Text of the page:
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Comment: Migrated to Confluence 4.0

To: Det. John McClane

Date: 14 December 2010

From: Vanessa Silvestri, Frances Lee, and Ian Bettencourt, Colby College Crime Lab (CCCL)

Case: Death of Professor Millstone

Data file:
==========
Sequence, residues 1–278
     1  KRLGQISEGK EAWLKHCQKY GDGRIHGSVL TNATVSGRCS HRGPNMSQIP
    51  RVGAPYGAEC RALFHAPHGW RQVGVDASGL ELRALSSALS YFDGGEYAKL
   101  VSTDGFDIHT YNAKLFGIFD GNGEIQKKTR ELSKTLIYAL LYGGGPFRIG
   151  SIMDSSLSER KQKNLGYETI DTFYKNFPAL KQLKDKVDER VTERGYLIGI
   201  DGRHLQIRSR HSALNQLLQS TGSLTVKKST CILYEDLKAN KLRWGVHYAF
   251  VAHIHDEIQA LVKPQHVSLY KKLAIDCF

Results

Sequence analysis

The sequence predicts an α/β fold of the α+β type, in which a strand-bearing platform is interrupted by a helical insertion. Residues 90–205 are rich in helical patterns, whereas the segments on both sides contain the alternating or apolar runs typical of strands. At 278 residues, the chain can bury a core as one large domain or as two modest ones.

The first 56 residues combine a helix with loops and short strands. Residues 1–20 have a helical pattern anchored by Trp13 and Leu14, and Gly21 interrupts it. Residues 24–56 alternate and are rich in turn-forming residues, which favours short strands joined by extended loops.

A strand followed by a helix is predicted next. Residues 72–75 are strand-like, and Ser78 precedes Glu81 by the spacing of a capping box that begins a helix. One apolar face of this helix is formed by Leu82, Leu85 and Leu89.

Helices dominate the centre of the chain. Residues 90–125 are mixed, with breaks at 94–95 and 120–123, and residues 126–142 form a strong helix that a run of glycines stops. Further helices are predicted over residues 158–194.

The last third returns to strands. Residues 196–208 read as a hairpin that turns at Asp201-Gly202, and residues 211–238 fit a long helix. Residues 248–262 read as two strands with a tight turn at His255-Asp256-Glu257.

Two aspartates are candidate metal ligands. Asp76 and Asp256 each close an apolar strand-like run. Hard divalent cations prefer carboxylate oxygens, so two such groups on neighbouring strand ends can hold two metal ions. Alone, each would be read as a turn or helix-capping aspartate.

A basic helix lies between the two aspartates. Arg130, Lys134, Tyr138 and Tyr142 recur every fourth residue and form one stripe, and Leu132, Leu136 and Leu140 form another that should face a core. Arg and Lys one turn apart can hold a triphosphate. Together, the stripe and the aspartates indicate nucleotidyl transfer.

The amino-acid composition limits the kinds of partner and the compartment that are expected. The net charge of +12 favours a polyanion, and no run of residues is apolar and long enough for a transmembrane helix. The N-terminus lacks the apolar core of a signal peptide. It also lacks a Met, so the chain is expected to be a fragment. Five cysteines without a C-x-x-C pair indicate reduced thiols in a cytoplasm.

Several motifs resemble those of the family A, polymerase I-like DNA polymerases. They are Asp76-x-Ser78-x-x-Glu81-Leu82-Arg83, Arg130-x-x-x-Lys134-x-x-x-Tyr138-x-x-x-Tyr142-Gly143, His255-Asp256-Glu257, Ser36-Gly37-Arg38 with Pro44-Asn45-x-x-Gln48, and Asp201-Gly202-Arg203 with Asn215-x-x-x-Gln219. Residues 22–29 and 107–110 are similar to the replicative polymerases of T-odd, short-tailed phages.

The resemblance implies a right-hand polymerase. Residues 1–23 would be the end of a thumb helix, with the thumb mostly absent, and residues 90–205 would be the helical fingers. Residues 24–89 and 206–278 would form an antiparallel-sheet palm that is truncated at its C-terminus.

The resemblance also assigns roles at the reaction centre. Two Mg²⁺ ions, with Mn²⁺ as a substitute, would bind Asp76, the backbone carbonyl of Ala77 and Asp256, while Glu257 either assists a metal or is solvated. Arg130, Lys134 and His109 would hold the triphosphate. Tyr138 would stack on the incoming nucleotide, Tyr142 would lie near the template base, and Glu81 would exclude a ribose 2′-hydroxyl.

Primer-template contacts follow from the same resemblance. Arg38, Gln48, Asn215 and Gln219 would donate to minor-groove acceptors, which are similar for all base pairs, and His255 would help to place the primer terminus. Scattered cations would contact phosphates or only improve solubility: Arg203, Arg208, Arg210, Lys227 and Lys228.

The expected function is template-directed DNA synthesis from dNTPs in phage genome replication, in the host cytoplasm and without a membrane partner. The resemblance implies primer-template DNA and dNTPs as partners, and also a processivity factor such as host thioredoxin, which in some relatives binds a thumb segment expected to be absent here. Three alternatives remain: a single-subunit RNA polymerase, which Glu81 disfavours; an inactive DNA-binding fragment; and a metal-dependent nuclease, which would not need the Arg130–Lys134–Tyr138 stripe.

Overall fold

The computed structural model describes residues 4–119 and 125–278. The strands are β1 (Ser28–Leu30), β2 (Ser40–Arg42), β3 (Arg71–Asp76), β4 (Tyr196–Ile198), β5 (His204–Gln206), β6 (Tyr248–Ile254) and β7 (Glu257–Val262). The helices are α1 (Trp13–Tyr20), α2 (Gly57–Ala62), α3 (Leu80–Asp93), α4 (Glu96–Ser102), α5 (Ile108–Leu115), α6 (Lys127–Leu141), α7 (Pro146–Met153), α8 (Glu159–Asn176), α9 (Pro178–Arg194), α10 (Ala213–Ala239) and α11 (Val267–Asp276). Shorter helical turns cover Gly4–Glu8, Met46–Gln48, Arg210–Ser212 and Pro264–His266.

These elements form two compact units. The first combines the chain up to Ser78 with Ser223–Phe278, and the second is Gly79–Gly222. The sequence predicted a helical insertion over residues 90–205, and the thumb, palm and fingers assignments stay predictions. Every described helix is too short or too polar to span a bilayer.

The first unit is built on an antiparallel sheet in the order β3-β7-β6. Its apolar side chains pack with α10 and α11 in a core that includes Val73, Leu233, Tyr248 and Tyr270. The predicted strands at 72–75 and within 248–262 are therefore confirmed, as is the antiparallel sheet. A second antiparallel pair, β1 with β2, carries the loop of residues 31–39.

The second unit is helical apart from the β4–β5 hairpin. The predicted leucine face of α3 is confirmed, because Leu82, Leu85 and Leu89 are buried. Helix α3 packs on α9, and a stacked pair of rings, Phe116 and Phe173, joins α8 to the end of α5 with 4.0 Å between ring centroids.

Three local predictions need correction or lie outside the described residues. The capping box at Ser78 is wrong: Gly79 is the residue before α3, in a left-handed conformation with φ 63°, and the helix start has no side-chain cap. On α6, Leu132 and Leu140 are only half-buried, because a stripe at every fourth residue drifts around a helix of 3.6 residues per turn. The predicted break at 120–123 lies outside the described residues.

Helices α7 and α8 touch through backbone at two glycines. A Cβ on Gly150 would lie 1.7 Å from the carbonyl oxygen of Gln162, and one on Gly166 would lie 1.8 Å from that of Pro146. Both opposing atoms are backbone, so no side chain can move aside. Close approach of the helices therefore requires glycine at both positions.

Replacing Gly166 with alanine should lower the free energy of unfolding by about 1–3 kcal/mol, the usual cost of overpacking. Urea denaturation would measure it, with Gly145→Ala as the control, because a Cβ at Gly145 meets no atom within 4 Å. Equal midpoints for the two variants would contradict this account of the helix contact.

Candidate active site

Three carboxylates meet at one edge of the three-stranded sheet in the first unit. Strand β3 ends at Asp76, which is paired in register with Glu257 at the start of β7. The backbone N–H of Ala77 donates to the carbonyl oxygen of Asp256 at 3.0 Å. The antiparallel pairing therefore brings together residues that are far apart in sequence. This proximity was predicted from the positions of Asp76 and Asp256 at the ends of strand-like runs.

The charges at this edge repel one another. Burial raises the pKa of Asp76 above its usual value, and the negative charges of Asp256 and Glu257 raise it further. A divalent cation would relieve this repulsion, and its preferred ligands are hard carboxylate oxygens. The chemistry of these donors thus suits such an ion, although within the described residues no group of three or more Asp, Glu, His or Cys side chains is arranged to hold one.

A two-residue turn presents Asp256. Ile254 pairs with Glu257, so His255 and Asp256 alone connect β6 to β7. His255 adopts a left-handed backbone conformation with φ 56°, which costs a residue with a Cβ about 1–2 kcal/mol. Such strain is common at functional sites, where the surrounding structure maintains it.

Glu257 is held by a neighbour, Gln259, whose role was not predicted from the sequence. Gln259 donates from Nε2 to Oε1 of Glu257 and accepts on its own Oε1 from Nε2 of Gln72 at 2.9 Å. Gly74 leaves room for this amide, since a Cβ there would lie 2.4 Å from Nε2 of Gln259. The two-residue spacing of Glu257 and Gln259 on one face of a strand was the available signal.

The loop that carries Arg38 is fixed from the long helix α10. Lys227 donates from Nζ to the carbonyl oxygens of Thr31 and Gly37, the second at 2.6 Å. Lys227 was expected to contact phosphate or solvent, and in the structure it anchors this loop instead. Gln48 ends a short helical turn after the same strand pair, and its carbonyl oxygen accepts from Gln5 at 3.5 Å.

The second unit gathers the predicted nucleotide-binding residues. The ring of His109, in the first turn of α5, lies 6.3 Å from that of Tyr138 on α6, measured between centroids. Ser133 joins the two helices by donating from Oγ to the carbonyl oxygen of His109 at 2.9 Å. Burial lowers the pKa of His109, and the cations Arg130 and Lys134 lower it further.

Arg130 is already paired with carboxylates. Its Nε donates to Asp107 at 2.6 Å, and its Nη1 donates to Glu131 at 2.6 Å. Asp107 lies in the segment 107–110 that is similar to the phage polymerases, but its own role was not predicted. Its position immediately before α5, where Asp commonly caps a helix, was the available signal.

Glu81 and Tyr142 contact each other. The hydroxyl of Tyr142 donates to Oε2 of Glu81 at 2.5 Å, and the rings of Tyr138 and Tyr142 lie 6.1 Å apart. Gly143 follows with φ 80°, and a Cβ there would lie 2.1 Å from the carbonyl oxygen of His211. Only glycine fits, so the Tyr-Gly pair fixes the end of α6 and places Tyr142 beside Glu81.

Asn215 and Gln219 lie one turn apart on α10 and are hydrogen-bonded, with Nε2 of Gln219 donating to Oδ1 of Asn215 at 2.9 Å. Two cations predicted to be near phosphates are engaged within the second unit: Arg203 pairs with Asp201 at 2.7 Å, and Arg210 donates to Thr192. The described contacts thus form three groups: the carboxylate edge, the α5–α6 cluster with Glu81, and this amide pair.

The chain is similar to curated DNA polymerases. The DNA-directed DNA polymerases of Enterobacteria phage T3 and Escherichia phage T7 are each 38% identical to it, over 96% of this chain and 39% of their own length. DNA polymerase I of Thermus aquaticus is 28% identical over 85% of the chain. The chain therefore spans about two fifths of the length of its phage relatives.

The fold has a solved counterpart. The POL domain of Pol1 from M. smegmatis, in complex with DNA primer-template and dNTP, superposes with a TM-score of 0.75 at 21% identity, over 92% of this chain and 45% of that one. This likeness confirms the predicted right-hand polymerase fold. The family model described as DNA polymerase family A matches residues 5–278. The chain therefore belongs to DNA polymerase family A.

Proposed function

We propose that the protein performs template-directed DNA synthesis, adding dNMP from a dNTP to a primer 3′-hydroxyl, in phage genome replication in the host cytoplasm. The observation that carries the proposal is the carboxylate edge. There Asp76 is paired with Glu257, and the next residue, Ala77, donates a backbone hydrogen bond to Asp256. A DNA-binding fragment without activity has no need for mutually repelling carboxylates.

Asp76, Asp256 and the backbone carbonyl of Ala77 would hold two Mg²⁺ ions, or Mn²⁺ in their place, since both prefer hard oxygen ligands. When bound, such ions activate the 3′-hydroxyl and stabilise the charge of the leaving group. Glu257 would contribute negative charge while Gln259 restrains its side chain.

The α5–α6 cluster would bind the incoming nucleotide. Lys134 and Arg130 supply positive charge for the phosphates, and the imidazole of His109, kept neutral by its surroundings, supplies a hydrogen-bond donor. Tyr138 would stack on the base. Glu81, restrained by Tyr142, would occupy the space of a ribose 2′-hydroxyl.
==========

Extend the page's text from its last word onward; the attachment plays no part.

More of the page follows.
The objective of this case is to use nuclear and mitochondrial DNA, mtDNA, analysis to determine the identity of Professor Millstone’s killer. Suspects include Professor Hedd and a disgruntled student. Canine hair and saliva were taken from wounds on the victim found at the crime scene, from Professor Hedd’s female dog, the student’s male dog, and known control male and female dogs. DNA was extracted from hair and saliva using Tissue and Hair Extraction Kits and DNA IQ Kit from Promega. Specific loci of the nuclear DNA, PEZ 2, PEZ 15 and VWF.X, were amplified using the Polymerase Chain Reaction, or PCR1,2.  It was possible to do this analysis at these specific loci due to regions of DNA called short tandem repeats, or STR, which are simple sequences that are hypervariable and appear a different number of times in different dogs.  Comparison of a number of these regions will yield a positive match between the samples found on the body of Professor Millstone and the samples taken from the suspects’ dogs. In addition, a tandem repeat region in the control region of canine mitochondrial DNA not present in the DNA of humans offers the opportunity of identificaton from mitrochondrial DNA and sex chromosomes were amplified using specific canine primers. WD3 and WD6 for the primers used for amplification of mtDNA3,4.  The primers for all PCR amplification were the reverse compliment sequences at the boarders of the STR regions to be amplified for identification with gel electrophorisis. These amplified DNA sequences were run on either 6% polyacrylamide gels, PAGE gels stained with SYBR Gold stain, or 1.5% agarose gel, which were stained and examined with ethidium bromide.  The resultant bands were compared to the exACT Gene 50 bp gene DNA ladder from Fisher Scientific. After measuring significant bands, plots of the logs of estimated base pairs were generated.